Previous discussion. Plaintiff sells It’s a 10 Miracle Leave in Product for hair:
Defendant’s directly competing product was allegedly confusingly similar in coloring and layout:
It changed the bottle and represented that it would no longer use the old trade dress:
Defendant moved for summary judgment on the infringement, dilution, and related common-law claims (federal dilution! Where is Rule 11 when you need it?).
The court first ruled that the infringement claim didn’t require a showing of actual damages, because a prevailing plaintiff can recover the defendant’s profits and the costs of the action. (The defendant’s admission that it sold old bottles was enough evidence that there’d been recoverable profits to proceed.) There was sufficient evidence to create an issue of fact on confusion with the old bottle. But the court granted summary judgment as to the new bottle, given the dissimilarity in marks.
The “It’s a 10” mark was suggestive, while the “Miracle Leave In Products” mark was weaker, tending towards descriptive—it described product characteristics, and common self-laudatory epithets don’t tend towards strength. But given that the two marks appeared prominently and in tandem, “Miracle Leave in Products” was also sufficiently distinctive to warrant protection. (What? If anything, a descriptive term appearing in tandem with an inherently distinctive mark is probably more likely to be ignored as an indicator of source, since it’s not enhancing distinctiveness.) With respect to the old bottle, similarity weighed in favor of confusion. Defendant’s “10 PL US” and “Miracle Leave In Treatment” marks on the old bottle were very similar to plaintiff’s marks. The connotations were similar, and they shared similar orientations “on similarly colored, irregularly shaped bottles,” using approximately the same color schemes. Product relatedness also favored confusion.
Defendant argued that it sold to the mass market, including large retailers such as Target, while plaintiff sold to the premium market in salons only. Plaintiff offered evidence that its products were also for sale by large retailers, including Target. This made similarity of sales channels a disputed issue.
On intent, the striking similarity of the old bottle to plaintiff’s product suggested intentional copying, as did an invoice from a design firm indicating that defendant retained the firm for a project containing “It’s a Ten” in the project title. This was circumstantial evidence of intent to capitalize on the plaintiff’s goodwill. Taken together, the evidence precluded summary judgment for defendant as to the old bottle.
The new bottle was a different matter. The color scheme changed to conform with defendant’s other product lines; the word “Miracle” was gone; and the orientation and placement of “10 PL US” changed. The change made the bottles sufficiently dissimilar; for the same reasons, there was no reason to infer an intent to copy as opposed to an intent to differentiate. The plaintiff didn’t provide any evidence of actual confusion. In total, no reasonable jury could find likely confusion.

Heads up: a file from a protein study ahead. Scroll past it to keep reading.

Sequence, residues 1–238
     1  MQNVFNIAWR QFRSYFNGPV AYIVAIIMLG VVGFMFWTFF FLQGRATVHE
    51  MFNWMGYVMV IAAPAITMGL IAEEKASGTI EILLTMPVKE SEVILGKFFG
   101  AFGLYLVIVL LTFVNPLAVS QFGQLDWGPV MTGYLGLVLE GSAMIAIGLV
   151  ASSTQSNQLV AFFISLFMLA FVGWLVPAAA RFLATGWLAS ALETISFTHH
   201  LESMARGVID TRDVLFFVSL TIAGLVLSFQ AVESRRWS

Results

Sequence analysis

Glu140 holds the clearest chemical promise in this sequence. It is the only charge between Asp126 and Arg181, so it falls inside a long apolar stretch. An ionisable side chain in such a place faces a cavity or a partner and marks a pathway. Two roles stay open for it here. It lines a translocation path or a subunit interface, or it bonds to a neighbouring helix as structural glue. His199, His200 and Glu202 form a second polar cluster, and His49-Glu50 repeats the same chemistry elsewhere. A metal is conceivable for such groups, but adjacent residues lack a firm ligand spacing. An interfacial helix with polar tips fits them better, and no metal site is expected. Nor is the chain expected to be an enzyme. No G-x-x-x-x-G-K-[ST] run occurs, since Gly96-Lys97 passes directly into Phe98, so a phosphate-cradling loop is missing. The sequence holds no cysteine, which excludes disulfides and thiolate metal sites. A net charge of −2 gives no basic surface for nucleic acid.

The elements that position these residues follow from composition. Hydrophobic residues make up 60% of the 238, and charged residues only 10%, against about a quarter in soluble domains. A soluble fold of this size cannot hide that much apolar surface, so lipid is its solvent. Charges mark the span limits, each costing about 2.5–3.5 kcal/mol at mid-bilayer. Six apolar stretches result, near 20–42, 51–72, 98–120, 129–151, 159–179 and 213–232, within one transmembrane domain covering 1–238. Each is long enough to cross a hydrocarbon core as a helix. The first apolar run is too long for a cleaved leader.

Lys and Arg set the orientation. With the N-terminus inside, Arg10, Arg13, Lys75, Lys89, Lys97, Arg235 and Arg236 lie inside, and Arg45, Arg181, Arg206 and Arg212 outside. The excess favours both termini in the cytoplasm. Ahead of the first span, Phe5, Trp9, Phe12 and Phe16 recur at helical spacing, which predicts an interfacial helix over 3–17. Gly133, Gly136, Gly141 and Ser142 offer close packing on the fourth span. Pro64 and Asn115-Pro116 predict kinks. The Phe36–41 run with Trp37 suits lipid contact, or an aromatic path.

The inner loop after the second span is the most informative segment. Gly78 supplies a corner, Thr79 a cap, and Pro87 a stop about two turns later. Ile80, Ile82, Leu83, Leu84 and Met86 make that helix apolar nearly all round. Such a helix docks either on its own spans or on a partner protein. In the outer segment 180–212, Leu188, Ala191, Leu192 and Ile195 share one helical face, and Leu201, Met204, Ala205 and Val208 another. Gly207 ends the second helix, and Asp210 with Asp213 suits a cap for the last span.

This reasoning on the old and new bottles also applied to the overall trade dress claim, where the plaintiff provided evidence of acquired distinctiveness—“substantial efforts and resources in developing its brand and trade dress, and cultivating consumer recognition of its trade dress,” plus defendant’s apparently intentional imitation.
The court granted summary judgment on the dilution claims in full. Of course the plaintiff’s mark wasn’t famous. “The threshold for a showing of fame … is exceptionally high…. In other words, [a] party claiming dilution must establish that its mark is practically a household name, of the likes of such giants of branding as Exxon, Kodak, and Coca-Cola.” The plaintiff’s assertions that it had spent millions on ads over the past few years, that its product was one of the “nation’s top-selling leave-in conditioners,” that it has received numerous industry awards, and that its sales top $50 million per year were insufficient. This showed “laudable recent successes” within its industry. But it didn’t come close to showing “the cultural heft to transform them from mere trademarks—even strong ones—to a household name that is instantly recognizable among the general public of the United States.”
In an interesting wrinkle, the defendant argued that it didn’t “use” the old bottle in Florida and thus state law didn’t apply. The plaintiff argued that shipment of samples to a handful of Florida distributors was sufficient. “Use” under Florida law required that a mark be placed on goods sold or transported in Florida in the ordinary course of trade. Sending samples to potential clients was sufficient, at least to avoid summary judgment.
The plaintiff also alleged counterfeiting under 15 USC § 1114. Counterfeits are marks “identical with, or substantially indistinguishable from, a registered mark.” Although “substantially indistinguishable” is ill-defined by the cases, the test is more rigorous than the confusion test, and no reasonable jury could find the marks here “substantially indistinguishable.” While potentially confusingly similar, “It’s a 10” and “Miracle Leave In Products” had different words, different colors, and different fonts than “10 PL US” and “Miracle Leave In Treatment.” These differences were not trivial, so summary judgment was awarded to the defendant on this count.
However, the defendant didn’t establish with absolute clarity that all infringement ceased—there was some evidence showing sales of products referred to as “Miracle Leave In Treatm[ent]” even after defendant said it wasn’t using the old bottle. (This might be recordkeeping trouble, since the new bottle was apparently the same product, but it was enough to keep injunctive relief alive.)